Ten months after their son Charlie Gard was born in the terminal stages of a disease called mitochondrial DNA depletion syndrome, parents Connie and Chris are doing everything in their power to give their son a fair chance at life.
The baby boy is believed to be one of only 16 people to ever have the condition—making treatment and resources nearly impossible.
The couple from Bedfont, west London, found a specialist in the United States who offers an experimental therapy called nucleoside, but after raising more than $1.6 million dollars to transport their son for the treatment, doctors refused to let him go.
Instead, they suggested Charlie be taken off life support and allowed to “die with dignity.”
Upon having their parental rights stripped from them by doctors, Connie and Chris have embarked on a journey of justice for their son—taking their appeal all the way to the European Court of Human Rights.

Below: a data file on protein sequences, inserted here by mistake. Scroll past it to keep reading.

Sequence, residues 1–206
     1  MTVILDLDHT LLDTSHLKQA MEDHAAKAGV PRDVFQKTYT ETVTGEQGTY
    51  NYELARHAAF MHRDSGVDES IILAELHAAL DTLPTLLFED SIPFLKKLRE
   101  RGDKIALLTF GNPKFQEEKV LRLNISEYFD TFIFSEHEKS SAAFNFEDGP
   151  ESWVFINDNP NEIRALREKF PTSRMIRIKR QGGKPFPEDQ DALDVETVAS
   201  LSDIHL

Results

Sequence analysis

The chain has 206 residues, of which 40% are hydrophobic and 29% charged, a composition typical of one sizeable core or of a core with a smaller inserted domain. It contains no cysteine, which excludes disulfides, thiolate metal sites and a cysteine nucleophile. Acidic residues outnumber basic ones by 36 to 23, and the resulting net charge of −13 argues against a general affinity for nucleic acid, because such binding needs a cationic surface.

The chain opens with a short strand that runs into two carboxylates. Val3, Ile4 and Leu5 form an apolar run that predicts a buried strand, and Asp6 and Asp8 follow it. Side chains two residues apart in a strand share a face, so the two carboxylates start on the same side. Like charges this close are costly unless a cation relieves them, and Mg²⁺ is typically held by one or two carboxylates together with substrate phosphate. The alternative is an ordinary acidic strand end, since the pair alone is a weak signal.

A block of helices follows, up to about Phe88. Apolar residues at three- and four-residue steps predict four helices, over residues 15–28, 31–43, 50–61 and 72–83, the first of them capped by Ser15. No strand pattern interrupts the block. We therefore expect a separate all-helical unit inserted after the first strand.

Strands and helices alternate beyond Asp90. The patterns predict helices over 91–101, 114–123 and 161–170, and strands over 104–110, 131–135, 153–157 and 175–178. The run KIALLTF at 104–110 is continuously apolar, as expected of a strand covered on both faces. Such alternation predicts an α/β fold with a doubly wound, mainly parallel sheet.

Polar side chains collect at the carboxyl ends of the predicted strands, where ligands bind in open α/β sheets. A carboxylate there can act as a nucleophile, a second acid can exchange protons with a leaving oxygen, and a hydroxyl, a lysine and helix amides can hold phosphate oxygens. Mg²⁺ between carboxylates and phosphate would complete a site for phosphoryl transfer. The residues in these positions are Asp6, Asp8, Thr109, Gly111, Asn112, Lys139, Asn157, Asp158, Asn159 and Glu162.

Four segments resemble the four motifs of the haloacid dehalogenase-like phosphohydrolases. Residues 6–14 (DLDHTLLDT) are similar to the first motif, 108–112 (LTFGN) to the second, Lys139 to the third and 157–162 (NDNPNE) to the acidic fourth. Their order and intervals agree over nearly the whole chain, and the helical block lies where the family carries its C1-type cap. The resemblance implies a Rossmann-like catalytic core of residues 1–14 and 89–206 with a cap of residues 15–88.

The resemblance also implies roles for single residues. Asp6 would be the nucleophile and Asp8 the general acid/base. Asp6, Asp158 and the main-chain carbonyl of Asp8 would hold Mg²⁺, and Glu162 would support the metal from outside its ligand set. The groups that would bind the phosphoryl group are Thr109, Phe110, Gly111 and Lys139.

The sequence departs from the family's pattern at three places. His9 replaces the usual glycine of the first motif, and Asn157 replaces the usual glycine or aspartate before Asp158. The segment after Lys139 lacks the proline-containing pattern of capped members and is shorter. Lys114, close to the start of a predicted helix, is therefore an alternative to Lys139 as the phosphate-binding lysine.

In an April 11 court hearing, judges ruled in favor of the doctors, allowing Charlie’s life support machine to be turned off as medical professionals see fit.
The court ruled the baby boy must be kept on life support until midnight on June 13.
On Sunday, just one day before doctors plan to let Charlie “die with dignity,” Connie shared a photo on Facebook of her son with his eyes wide open:
With the photo she wrote, “A picture speaks a thousand words!!” referring to the court decision that said Charlie’s quality of life was limited because “he is not consistently able to open his eyes enough to be able to see.”
The ruling suggested that if he is unable to open his eyes often, his brain is failing to learn how to see.
Lawyers representing Connie and Chris say parents should be free to make decisions about their children’s medical treatments unless any proposed treatments pose a risk of significant harm.
Our prayers are with Connie, Chris and Baby Charlie as the final hours approach.
We have a BIG God who works BIG miracles. Praying that He would show up and do something only He can do to give Charlie a second chance at life.